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Cognitive impairment research: pushing the boundaries of neuroscience

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    People living with Alzheimer’s disease, other dementias and schizophrenia can suffer from cognitive impairment. This affects their memory, their ability to learn new things and concentration. It can limit their capacity to make decisions and live everyday life, often leading to loss of independence in severe cases.

    Cognitive impairment is among the greatest areas of unmet medical need in society and it is rising. Our risk of dementia, for example, increases with age. As more people live longer, the number affected by cognitive impairment is likely to be higher.

    The search for innovative therapies that can address cognitive impairment has led researchers to explore compounds that have a positive effect on brain activity. One potential treatment target is the synaptic vesicle protein SV2A, which plays an important role in the communication between neurons in the brain.

    For UCB, this is an area where we have a strong record – this protein is also linked to epilepsy. Our research in this area previously led our scientists to develop two important anti-epileptic medicines used by patients around the world.

    Our neuroscience research also led to the design of another class of small molecules that affect the SV2A protein. These novel SV2A modulators, although lacking anti-epileptic properties, have shown promising pro-cognitive effects in preclinical studies. This means that they may have the potential to improve cognition in people living with diseases linked to cognitive impairment – if the preclinical findings are confirmed in robust clinical data in the years to come.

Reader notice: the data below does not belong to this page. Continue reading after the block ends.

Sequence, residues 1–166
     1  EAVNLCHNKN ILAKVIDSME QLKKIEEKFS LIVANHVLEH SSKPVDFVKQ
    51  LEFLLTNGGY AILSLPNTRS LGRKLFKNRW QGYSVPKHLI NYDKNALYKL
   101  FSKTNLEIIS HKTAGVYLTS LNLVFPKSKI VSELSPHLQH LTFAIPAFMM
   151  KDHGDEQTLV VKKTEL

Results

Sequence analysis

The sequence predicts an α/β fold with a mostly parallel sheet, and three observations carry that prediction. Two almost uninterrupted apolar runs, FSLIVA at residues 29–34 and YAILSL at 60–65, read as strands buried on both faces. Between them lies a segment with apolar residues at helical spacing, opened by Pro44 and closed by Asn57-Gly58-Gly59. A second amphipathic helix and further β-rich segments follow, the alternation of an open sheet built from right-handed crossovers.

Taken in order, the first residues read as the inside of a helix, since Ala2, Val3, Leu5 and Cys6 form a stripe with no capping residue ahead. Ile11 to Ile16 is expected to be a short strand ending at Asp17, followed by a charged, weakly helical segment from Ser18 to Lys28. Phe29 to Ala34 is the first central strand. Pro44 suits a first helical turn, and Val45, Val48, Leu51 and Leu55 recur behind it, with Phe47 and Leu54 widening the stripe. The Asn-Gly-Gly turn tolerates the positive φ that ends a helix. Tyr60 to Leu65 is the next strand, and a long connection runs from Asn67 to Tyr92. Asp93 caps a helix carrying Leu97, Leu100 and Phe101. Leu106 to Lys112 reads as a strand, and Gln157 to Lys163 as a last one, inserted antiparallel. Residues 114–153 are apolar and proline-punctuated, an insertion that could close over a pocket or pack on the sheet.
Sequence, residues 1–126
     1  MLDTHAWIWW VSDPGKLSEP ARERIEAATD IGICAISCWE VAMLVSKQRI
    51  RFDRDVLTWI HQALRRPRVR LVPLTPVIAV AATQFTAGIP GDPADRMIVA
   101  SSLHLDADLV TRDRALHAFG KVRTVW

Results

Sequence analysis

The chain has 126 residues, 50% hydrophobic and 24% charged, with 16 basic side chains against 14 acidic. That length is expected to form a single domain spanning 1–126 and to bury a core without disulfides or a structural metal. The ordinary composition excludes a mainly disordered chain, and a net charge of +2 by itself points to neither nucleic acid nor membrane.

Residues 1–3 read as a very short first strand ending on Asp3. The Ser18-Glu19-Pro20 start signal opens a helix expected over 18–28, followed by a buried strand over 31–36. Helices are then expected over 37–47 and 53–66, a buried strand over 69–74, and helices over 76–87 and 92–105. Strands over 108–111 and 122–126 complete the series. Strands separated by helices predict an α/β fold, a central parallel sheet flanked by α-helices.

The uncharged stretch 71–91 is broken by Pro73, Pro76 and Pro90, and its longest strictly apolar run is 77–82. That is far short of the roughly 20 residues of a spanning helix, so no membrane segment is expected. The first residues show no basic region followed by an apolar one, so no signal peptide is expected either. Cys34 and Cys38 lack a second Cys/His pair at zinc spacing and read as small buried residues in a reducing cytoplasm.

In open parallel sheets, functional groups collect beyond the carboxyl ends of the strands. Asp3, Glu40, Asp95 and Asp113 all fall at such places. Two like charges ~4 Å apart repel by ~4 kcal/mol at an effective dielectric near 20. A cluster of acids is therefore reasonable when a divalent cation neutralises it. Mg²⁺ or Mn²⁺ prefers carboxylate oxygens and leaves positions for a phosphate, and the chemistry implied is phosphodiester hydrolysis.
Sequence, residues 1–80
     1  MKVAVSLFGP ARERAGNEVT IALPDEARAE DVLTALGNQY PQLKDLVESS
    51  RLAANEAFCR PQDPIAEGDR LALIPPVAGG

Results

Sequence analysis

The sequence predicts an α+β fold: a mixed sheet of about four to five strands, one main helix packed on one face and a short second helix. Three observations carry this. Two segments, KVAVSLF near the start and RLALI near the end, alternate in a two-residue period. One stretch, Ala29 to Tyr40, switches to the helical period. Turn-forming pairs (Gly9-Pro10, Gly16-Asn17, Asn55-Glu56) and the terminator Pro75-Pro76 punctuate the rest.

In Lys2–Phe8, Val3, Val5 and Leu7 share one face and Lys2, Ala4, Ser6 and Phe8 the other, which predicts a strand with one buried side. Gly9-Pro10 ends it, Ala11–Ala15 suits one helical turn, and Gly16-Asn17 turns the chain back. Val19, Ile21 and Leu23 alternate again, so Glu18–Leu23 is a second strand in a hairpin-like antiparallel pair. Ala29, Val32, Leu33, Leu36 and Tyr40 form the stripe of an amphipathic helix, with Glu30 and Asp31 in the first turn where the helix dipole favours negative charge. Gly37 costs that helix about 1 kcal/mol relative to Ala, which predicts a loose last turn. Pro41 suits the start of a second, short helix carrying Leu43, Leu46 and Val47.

Now, UCB has partnered with a group of Belgian and international investors to create a new company, Syndesi Therapeutics, to progress this promising area of research to the next stage. Syndesi Therapeutics has also gained additional funding from the Walloon Region, and has been working to further develop SDI-118, a novel SV2A modulator discovered by UCB.

    We are pleased to see that SDI-118 has now entered a first-in-human Phase 1 study. This early clinical research investigation looks at the safety, tolerability and pharmacokinetics of single doses of the molecule in healthy subjects. Participants given the drug in the study will have blood tests and brain scans to help researchers understand its effect in the body.

    If this proves successful, the research programme would move forward to studies looking at the effect of the molecule following repeated dosing and then on people living with cognitive impairment.

    It is still early days, but we are encouraged to see Syndesi reporting progress in their work and excited to see what happens next. There is significant unmet need among patients with neurological disorders. UCB is pleased to support researchers aiming to bring forward new therapies that are of value to patients.
     
     
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